Determined to extend Banks' career, the Cubs found a permanent home for him at first in 1962. Before he hung 'em up, he would play more major league games there than he had at short (1,259 to 1,125). Even with the wear and tear-saving move Banks was not as good in the second half of his career as he had been in the first. His OPS+ scores were much lower, although he did hit 37 home runs in 1962 and 32 in 1968. As a fielder, he was above average in range and fielding percentage, though it is never given the credit due. Even late in his career, he was respected for the skills and attitudes which he brought to the game, finishing in the top 15 in the MVP voting each year from 1967 to 1969.
Banks spent his later years with the club as a player/coach, then two seasons as a full-time coach after retiring. He played 2,528 games in the regular season, but not a single one in the postseason, a record he became known for but happily would never have held. He long owned the major league record for most consecutive games from the start of his career, playing 424 straight after his brief but convincing 1953 debut. The mark was broken in 2005 by Yankee Hideki Matsui, a multiple time All-Star in the Japanese leagues before arriving in the big leagues mid-career as a 29-year-old "rookie", whose streak ended at 518 in 2006.
Banks was elected to the Baseball Hall of Fame in his first year of eligibility on January 19, 1977, having received 83.8% of the votes of the Baseball Writers Association of America. He also became the first Cubs player to have his uniform number retired by the team when his number 14 was set aside in 1982. On August 8, 2013, he was a recipient of the Presidential Medal of Freedom, the nation's highest civilian honor, by President Barack Obama; the medal was given to him at the White House on November 20th that year. Former President Bill Clinton was among those who received the medal from the president that day.
Banks was known for his sunny disposition and ready quips for sportswriters.
Each spring training he would be asked by Chicago sportswriters how the Cubs would do that season. While few of his predictions were accurate, they remain cheerful reminders of his unquenchable enthusiasm for baseball, the Cubs, and life:
- "The Cubs are due in 62"
- "The Cubs will come alive in 65"
- "Wrigley Field will be heaven in 67"
- "The Cubs will be great in 68"
- "The Cubs will shine in 69"
- "The Cubs will glow in 7-0"
Ernie died of a heart attack in Chicago, IL on January 23, 2015 at 83. Mayor Rahm Emanuel marked his passing by temporarily moving his statue, which has stood outside Wrigley Field since 2008, to Daley Plaza in order to allow more fans to pay their respects (the statue had become inaccessible because of renovation work being conducted at Wrigley that offseason). The Cubs elected to wear a patch with number 14 on their uniform in his honor during the 2015 season and organized a pre-game ceremony in his honor at Wrigley Field on April 5th.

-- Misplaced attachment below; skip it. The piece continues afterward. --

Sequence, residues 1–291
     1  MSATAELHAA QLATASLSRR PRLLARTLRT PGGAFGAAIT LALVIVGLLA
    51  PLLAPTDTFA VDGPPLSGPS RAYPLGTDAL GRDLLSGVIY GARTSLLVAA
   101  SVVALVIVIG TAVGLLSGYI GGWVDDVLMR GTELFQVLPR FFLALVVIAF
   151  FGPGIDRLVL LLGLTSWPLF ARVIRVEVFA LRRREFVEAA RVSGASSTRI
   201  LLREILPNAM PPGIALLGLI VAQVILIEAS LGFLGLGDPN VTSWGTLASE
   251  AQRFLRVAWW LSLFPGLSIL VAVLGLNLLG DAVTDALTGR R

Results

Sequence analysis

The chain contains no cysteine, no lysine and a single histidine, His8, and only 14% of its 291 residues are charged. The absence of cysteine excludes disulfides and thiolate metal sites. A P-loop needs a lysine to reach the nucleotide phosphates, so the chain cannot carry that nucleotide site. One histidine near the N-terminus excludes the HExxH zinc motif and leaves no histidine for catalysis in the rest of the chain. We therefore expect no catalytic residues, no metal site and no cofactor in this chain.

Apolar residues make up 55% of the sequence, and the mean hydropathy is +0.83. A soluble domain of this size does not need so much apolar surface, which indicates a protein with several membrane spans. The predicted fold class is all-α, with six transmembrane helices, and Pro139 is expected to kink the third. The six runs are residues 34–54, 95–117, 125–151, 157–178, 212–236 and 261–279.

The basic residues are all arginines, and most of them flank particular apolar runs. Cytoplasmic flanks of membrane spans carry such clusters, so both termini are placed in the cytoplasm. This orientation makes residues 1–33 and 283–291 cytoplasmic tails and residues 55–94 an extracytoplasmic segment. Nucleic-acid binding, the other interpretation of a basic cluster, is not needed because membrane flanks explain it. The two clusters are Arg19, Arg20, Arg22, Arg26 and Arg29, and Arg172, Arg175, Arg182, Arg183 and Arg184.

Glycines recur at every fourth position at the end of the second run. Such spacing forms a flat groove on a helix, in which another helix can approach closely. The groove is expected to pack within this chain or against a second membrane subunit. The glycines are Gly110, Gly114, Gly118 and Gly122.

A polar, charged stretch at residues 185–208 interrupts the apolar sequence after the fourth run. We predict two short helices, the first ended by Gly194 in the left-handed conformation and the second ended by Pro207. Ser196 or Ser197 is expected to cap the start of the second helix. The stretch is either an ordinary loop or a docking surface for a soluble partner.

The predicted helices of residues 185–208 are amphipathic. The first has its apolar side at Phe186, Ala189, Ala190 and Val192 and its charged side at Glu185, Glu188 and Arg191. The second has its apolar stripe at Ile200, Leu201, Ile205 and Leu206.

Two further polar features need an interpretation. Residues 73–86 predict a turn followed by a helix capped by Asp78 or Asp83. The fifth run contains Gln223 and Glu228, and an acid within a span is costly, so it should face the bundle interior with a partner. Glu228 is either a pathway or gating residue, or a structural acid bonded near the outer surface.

Banks was married four times and was in the process of finalizing his divorce with his last spouse when he died. As a result, there was some dispute over provisions in his will regarding his final wishes, as his final caretaker said that he had expressed the wish that his ashes by dispersed over Wrigley, while his ex-spouse wanted the terms of his most recent will, which did not mention such a wish to be honored. This led to some confusion as to what was going to be done with his body. In the end, the city of Chicago stated that he had been interred in Graceland Cemetery on the city's north side.
Additionally, Banks was the uncle of catcher Bobby Johnson.
- 11-time All-Star (1955-1962, 1965, 1967 & 1969)
- 2-time NL MVP (1958 & 1959)
- NL Gold Glove Winner (1960/SS)
- NL Slugging Percentage Leader (1958)
- NL At Bats Leader (1958)
- NL Total Bases Leader (1958)
- 2-time NL Home Runs Leader (1958 & 1960)
- 2-time NL RBI Leader (1958 & 1959)
- 20-Home Run Seasons: 13 (1955-1962, 1964, 1965 & 1967-1969)
- 30-Home Run Seasons: 7 (1955, 1957-1960, 1962 & 1968)
- 40-Home Run Seasons: 5 (1955 & 1957-1960)
- 100 RBI Seasons: 8 (1955, 1957-1960, 1962, 1965 & 1969)
- 100 Runs Scored Seasons: 2 (1957 & 1958)
- Baseball Hall of Fame: Class of 1977
|Hank Aaron||Ernie Banks||Ernie Banks|
|Ernie Banks||Ernie Banks||Dick Groat|
- Coshocton (OH) Tribune, August 28, 1955 ("From the Sidelines" by Bob McCarty)
- Lester J. Biederman: "Banks One Of Finest Things That's Happened To Baseball", The Pittsburgh Press, July 15, 1968, p. 25. 
- Marty Noble: "Beloved Mr. Cub, Hall of Famer Banks dies at 83", mlb.com, January 23, 2015. 
- Ron Rapoport: Let's Play two: The Legend of Mr. Cub, the Life of Ernie Banks, Hachette Books, New York, NY, 2019. ISBN 9780316318631
- Chad Thornburg and Andrew Simon: "Did you know: Ernie Banks facts and figures", mlb.com, January 23, 2015. 
- Joseph Wancho: "Mr. Cub", in Stuart Shea, ed.: North Side, South Side, All Around Town, The National Pastime, SABR, 2015. ISBN 978-1-93359987-8
- Doug Wilson: Let's Play Two: The Life and Times of Ernie Banks, Rowman & Littlefield, Lanham, MD, 2019. ISBN 978-1-5381-1229-8